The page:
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  • Feb 3, 2022 - The Ultimate 10-Minute Guide to Pick the Right Stock

The Ultimate 10-Minute Guide to Pick the Right Stock

Feb 3, 2022

The Ultimate 10-Minute Guide to Pick the Right Stock

Indian stock markets have seen a phenomenal rise in the past three decades.

Investors who bought the right kind of stocks and held on for long, made crores out of every lakh invested.

However, this is easier said than done. In the vast sea of companies listed on the stock exchanges, spotting a good one can be a bit of a task.

That is why, you need a checklist of some sort which can eliminate the stocks which don't fit your criteria and eventually turn out to become the biggest wealth destroyers.

This simple 10-minute test can help you drop the stocks that don't deserve more of your time and energy. It can narrow down your search to quality companies for the next stage of your in-depth analysis.

Let's get started...

#1 Does the company pass the level 1 quality test?

A good start is to rule out any initial public offering (IPOs). They are rarely ever a bargain. Think about it. A company goes public only when the owner thinks he can get a higher price for the shares.

Moreover, most are young, inexperienced companies with a short track record. This makes them a poor candidate for further analysis.

Investors looking to speculate on IPOs should not be surprised to find some of them are making losses. This is bound to happen when loss making companies seek steep valuations.

But there is an exception.

If an IPO is a spin-off of an established company with long operating history, you may consider it. Like when L&T and HDFC spun off L&T Technology Services and HDFC Life Insurance Company.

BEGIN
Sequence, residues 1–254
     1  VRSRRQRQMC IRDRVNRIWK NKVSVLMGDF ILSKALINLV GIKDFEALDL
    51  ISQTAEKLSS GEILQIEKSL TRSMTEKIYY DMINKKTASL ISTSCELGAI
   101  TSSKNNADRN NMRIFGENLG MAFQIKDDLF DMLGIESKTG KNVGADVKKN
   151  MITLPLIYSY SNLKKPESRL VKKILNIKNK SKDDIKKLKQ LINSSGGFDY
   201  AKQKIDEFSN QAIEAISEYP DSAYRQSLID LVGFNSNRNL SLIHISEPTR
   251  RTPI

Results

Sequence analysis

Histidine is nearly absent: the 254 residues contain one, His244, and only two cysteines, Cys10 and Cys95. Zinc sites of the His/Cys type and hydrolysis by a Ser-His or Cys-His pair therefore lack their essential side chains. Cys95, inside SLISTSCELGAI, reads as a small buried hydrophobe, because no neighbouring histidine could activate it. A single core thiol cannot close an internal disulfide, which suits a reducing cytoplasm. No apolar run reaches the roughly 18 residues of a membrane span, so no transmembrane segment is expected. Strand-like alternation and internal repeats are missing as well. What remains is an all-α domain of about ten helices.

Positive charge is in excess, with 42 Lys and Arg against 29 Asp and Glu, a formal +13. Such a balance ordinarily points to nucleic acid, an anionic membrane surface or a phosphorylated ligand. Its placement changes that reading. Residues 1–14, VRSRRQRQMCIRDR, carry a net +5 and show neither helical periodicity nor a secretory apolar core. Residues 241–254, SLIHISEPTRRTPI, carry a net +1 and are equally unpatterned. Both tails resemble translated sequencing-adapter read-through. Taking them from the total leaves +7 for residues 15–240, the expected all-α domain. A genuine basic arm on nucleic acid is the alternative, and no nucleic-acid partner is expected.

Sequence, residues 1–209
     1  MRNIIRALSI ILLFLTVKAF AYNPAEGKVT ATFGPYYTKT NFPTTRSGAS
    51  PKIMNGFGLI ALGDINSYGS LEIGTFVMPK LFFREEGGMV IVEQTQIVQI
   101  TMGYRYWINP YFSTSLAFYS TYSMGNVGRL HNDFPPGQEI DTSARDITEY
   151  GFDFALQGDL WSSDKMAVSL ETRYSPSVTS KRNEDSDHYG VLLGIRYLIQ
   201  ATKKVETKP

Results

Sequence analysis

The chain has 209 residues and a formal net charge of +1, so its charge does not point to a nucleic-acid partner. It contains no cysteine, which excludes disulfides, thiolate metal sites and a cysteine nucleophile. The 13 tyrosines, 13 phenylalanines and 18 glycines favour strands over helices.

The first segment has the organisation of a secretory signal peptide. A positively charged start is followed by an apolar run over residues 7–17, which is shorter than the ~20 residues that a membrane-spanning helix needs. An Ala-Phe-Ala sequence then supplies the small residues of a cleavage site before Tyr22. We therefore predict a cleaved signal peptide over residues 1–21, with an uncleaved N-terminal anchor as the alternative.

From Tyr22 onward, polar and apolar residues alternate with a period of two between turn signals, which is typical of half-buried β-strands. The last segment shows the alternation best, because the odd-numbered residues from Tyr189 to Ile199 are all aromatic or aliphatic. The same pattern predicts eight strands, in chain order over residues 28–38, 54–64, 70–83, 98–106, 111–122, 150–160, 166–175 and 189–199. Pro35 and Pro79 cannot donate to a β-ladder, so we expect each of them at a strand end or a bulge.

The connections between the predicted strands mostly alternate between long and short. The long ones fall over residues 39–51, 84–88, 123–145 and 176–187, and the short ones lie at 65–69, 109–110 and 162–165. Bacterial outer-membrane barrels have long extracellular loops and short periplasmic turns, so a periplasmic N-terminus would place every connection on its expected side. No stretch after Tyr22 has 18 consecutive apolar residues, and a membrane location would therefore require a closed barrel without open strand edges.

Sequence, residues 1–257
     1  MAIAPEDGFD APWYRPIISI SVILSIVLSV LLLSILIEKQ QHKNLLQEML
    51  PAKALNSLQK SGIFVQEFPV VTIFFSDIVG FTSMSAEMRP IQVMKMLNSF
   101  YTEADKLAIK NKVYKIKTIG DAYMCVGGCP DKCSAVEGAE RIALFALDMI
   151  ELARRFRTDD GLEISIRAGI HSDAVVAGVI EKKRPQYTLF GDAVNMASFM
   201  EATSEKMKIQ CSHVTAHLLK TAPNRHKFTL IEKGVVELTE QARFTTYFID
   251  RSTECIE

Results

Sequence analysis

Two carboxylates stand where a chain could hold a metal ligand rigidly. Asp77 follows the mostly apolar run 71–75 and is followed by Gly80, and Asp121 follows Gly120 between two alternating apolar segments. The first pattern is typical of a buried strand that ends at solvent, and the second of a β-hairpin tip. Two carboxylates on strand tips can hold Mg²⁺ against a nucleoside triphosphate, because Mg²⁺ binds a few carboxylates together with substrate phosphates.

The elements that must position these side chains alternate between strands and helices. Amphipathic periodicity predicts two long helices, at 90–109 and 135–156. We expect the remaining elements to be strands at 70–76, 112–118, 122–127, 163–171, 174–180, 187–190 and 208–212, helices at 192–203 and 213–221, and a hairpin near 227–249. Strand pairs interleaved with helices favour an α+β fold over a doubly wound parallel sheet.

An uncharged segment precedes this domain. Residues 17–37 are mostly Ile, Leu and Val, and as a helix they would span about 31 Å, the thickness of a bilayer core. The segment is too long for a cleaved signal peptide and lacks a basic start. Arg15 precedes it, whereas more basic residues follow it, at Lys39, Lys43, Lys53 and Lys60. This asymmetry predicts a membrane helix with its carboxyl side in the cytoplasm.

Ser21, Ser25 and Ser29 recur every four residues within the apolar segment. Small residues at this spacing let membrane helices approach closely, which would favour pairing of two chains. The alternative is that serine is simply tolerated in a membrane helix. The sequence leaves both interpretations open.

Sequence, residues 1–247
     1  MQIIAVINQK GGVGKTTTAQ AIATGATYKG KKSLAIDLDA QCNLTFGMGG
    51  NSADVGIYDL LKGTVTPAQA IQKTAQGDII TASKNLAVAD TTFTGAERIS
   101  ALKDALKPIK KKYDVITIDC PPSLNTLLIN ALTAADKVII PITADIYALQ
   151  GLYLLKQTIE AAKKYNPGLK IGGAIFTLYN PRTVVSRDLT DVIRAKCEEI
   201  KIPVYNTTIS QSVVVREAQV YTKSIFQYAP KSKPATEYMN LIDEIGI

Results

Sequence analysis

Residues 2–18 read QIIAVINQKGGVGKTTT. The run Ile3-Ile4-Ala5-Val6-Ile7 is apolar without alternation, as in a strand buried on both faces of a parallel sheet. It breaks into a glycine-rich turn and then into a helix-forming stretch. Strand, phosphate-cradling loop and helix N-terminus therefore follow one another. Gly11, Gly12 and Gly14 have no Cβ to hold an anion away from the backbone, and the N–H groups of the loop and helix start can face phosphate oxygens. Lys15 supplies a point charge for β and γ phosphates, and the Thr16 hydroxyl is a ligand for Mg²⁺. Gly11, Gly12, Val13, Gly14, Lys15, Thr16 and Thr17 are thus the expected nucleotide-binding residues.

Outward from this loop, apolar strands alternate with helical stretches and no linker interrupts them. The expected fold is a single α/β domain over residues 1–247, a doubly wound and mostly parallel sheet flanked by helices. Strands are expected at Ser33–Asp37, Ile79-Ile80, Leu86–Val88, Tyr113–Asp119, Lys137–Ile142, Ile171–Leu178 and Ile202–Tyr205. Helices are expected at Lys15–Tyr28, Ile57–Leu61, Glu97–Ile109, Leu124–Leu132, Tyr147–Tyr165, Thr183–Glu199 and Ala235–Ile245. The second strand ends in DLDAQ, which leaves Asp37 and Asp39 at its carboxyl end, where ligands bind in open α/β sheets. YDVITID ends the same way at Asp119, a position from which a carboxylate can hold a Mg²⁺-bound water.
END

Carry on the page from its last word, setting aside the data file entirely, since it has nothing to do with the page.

#2 Has the company ever made money (generated an operating profit)?

There are various types of companies in the market. Often, the most exciting ones have never made money. They are yet to:

  • start operations or
  • run unproven businesses or
  • are developing fancy products and services.

No matter how exciting their prospects may seem, avoid them. History tells us that most of these go down in the initial years of operations.

Usually, these companies have businesses that depend on a single product or service. This can be very risky and has a low success rate statistically.

Relying on unproven loss-making businesses, hoping they will turn around, rarely works out.

For instance, look at Dish TV. Offering a Direct to Home (DTH) service, the business looked attractive with the digitisation of cable TV on the horizon. But the company had no history of profits and didn't turn a profit for the longest time, eroding investor value.

This is relevant now more than ever when new-age companies are coming out with their IPOs.

It's important that you evaluate the business model very carefully to identify some key metrics you would want to keep tracking. Poor performance on those metrics should be taken as a warning.

So unless you want to gamble, stay away from unproven businesses with no history of profits.

#3 Is the cashflow from operations positive?

Growing companies can sometimes report profits without generating actual cash flow from operations. But this cannot last long as the company will need cash to function. The company may borrow or issue shares, diluting your shareholding in the company.

So before you consider investing in a company, study the cash flow statement in the annual report. Check to see how long the cash flow from operations has been positive. The longer the history, the better it is.

#4 Have the earnings been growing consistently?

Consistent growth in earnings is always a good sign. Not only does it imply that the company is well-established, but it is also a sign of capable management.

However, an erratic growth in earnings can mean different things:

  • the company is in a cyclical business
  • they aren't responding well to competition

A cyclical business model does not raise a big red flag. But you must only invest if it is available at a discount to its fair value.

For instance, companies in the commodity sector often undergo cycles. They make good money when the economy prospers and lesser during economic downturns. In the wake of the pandemic, as the economy recovered, metal companies outperformed most sectors in the market.

#5 Any recurring one-time income or expenses?